From the Breast Diaries:

Response to NY Times article: Mammogram’s Role as Savior Is Tested

Tara Parker-Pope’s recent article in the New York Times Science Section discounts the role of mammography as an essential tool in the quest to save women from premature death due to breast cancer.  She reports on the conclusion drawn by researchers Welch and Frankel from Dartmouth, who published a statistical analysis using epidemiologic data and computer software in this article in  Archives of Internal Medicine this month.  Their conclusion:  “Most women with screen-detected breast cancer have not had their life saved by screening.  They are instead either diagnosed early (with no effect on their mortality) or overdiagnosed.”

I strongly disagree with this conclusion, and with the suggestion that screening for breast cancer does not save significant numbers of women each year.

  • Computer models and statistical analysis can be bent to create almost any desired outcome; stating that this constitutes “proof” is misleading.  Common sense and our own experience, as well as numerous published studies using real patients, tell us that screening for breast cancer with mammography saves thousands of women each year.  The earlier the cancer is found, the smaller it is, which means that it is less likely to have spread, greatly improving the odds of survival.  Supplemental tests such as breast ultrasound and MRI, when used appropriately, can also help us find cancers at the earliest stage.
  • Using the authors’ results, Parker-Pope estimates that in the U.S., somewhere between 4,000 and 18,000 women each year are saved by screening mammography.  Although these numbers are likely lower than what is true, this is still a significant number of women who avoid premature death because they had their mammogram.
  • There are some breast cancers found through screening that might not progress to the point of being life-threatening in the woman’s lifetime.  The authors call this “overdiagnosis.”  Until science can reliably tell us which cancers will progress and which won’t, and which don’t need to be treated, we will continue to treat the cancers we diagnose.  How can they call this “overdiagnosis” and “overtreatment” when we don’t know which cancers will be the killers and which won’t?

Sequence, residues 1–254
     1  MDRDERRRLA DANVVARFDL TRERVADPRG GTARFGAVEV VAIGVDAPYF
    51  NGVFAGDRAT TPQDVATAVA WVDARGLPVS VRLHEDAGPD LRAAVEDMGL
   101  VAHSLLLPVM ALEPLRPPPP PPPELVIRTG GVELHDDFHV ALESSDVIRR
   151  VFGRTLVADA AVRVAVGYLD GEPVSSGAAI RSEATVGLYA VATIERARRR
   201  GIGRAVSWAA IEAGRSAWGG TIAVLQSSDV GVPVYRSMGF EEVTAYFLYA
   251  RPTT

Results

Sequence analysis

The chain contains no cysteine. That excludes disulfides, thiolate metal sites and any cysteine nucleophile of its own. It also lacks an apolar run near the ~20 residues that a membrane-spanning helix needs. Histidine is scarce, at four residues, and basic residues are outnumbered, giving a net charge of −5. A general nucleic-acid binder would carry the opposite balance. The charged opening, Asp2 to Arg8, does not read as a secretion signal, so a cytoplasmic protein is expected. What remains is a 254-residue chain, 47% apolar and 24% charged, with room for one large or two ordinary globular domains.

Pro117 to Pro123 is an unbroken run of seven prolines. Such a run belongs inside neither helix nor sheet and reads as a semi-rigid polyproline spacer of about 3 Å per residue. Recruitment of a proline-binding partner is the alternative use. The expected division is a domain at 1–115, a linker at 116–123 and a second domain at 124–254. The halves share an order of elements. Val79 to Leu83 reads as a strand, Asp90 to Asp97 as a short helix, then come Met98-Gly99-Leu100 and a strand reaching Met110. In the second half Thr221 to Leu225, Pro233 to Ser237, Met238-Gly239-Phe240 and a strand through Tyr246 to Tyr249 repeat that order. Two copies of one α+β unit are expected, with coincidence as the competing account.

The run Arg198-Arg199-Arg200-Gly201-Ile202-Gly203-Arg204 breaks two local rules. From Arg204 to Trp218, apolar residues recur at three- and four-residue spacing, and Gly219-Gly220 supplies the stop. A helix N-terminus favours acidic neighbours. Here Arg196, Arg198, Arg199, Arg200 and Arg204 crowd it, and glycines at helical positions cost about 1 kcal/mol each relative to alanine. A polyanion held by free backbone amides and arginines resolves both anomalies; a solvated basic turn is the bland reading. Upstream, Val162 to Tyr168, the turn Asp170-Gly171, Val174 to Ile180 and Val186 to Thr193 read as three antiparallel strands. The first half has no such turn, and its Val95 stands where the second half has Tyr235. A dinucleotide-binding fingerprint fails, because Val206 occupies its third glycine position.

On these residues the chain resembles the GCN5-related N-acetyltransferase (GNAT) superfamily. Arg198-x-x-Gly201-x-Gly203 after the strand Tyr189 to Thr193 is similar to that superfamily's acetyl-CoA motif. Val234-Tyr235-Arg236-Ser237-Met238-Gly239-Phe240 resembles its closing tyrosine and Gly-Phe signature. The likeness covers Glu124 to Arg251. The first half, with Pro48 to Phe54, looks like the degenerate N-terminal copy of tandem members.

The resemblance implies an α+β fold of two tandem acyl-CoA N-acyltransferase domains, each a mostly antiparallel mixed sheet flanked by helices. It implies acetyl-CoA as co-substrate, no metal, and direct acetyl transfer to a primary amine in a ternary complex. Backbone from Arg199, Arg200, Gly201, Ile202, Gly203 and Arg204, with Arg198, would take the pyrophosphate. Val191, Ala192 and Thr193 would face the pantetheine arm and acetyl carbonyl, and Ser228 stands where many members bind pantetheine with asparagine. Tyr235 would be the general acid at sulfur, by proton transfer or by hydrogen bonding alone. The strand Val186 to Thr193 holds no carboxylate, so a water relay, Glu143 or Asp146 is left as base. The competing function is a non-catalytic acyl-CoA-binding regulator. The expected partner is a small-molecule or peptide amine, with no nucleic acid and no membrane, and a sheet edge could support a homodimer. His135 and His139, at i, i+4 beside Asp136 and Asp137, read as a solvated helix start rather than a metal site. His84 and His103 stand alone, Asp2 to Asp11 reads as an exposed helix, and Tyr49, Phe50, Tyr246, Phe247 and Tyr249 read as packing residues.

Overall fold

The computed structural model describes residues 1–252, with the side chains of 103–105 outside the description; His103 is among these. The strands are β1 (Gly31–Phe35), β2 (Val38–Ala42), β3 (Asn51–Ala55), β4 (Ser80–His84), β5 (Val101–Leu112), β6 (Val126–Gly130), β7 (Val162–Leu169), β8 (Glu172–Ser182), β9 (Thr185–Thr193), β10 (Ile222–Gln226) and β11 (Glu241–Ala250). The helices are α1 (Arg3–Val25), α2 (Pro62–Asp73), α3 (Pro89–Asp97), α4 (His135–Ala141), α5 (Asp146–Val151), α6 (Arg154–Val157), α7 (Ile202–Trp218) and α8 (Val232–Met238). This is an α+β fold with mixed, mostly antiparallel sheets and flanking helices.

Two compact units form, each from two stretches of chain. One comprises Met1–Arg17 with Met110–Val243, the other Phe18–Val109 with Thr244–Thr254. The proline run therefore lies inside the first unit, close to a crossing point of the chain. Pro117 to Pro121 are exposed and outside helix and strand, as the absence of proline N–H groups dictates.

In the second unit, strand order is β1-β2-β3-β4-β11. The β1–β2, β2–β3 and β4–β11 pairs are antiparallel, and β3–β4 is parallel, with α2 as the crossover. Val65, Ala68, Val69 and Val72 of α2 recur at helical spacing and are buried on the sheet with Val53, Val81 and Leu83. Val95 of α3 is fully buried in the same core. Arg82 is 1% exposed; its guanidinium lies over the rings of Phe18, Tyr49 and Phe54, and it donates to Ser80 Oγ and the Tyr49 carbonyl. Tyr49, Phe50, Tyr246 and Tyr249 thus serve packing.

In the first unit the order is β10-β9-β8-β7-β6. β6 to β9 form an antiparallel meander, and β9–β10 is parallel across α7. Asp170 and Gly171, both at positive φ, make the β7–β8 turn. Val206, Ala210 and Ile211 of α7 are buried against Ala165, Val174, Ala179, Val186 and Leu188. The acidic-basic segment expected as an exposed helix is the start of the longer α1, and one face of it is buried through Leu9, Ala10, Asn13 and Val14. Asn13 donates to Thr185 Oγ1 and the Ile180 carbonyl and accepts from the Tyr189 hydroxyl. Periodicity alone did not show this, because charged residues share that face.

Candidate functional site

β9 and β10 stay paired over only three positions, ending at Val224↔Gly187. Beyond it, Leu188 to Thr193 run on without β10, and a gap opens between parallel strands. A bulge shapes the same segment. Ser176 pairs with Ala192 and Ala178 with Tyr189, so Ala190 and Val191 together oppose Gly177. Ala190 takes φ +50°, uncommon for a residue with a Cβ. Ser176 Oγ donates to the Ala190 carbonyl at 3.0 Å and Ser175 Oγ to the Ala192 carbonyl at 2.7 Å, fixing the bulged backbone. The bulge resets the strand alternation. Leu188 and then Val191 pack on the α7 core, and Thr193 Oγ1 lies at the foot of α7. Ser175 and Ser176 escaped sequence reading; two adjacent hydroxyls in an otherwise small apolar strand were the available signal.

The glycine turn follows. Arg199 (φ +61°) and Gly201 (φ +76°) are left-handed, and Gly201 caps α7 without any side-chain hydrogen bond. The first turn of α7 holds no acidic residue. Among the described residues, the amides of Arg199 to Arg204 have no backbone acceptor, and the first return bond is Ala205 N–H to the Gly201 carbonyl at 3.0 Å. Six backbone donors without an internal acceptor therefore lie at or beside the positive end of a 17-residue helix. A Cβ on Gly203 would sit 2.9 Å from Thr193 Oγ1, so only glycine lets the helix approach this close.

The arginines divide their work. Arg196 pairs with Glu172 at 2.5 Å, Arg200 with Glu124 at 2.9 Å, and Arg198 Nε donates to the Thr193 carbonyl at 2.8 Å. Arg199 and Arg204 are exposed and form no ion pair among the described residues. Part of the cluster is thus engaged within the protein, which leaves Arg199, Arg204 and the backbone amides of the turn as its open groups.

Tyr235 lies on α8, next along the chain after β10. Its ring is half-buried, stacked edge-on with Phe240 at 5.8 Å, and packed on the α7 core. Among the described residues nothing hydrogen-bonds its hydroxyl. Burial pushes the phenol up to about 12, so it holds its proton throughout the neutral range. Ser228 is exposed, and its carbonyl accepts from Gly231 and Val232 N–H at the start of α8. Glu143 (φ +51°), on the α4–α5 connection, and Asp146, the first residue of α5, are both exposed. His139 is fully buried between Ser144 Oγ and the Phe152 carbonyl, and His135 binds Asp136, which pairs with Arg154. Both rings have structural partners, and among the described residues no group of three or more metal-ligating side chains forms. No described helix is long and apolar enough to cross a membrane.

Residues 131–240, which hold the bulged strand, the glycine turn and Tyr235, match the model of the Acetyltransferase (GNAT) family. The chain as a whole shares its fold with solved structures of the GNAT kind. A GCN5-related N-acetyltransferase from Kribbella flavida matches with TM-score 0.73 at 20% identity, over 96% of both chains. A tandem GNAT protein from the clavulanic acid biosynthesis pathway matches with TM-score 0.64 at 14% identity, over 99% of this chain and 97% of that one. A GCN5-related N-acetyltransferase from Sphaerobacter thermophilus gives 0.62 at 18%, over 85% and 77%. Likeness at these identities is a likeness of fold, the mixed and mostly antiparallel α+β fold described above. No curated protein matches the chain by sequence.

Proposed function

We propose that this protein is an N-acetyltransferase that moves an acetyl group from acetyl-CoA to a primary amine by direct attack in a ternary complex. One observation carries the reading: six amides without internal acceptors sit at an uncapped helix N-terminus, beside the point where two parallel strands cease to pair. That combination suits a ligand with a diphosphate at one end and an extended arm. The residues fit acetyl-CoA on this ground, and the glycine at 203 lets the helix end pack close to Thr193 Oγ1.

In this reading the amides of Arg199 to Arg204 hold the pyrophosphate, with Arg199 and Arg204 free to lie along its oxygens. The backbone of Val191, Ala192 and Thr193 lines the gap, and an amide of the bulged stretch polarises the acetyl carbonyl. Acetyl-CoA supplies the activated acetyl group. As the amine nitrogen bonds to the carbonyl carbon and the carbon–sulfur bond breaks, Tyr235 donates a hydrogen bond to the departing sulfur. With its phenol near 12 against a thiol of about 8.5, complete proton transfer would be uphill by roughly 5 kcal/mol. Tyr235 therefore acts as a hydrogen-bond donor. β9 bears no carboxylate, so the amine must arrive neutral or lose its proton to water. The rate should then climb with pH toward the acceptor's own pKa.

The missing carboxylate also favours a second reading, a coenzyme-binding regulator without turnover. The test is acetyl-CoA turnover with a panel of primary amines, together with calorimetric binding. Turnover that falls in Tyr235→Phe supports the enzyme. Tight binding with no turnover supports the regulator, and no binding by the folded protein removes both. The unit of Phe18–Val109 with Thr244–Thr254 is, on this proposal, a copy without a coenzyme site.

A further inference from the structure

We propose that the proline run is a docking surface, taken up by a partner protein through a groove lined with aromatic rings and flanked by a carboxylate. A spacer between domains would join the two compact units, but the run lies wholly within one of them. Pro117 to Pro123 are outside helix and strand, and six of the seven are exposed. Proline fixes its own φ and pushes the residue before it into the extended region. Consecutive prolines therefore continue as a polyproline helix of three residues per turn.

• The analysis does not take into account the fact that finding breast cancer earlier through screening not only means a better chance of survival, but also means that treating the disease will be less time-consuming, less invasive, toxic, and painful, and less costly.  The woman can potentially choose breast-conserving surgery (lumpectomy instead of mastectomy), and is less likely to require chemotherapy, a miserable experience that affects the patient, her body, and her family for months if not years.   The woman’s job standing can be affected as well.  And for many women, taking a leave from work isn’t possible, as their job provides their health insurance coverage.  If you’ve ever been through chemo or witnessed someone going through it, you’d probably choose to avoid it if you possibly could.  In addition, if the cancer is found early, the woman won’t need to have all of the lymph nodes under her arm removed, and will avoid the potential complication of lymphedema (chronic arm swelling and pain).  She can also avoid radiation treatments to the chest wall and axilla (underarm).  Why are these issues not even mentioned in the Dartmouth analysis, or in Parker-Pope’s article?  These considerations are extremely important for all women, and need to have a place in any conversation about the value of screening.

I practice at Montclair Breast Center, where we believe in taking a proactive approach to screening for breast cancer, tailoring our recommendations to each woman and her individual history, risk status, breast density, and personal concerns.  As a result, our patients have significantly better outcomes than national averages.  Breast cancer is the leading cause of death for women age 35 to 50, and the second leading cause of cancer death among women all ages, claiming 40,000 lives per year in the U.S.  This is not a disease that we can be complacent about.  Early detection is still our best line of first defense.  Don’t let a “computer model” convince you otherwise.

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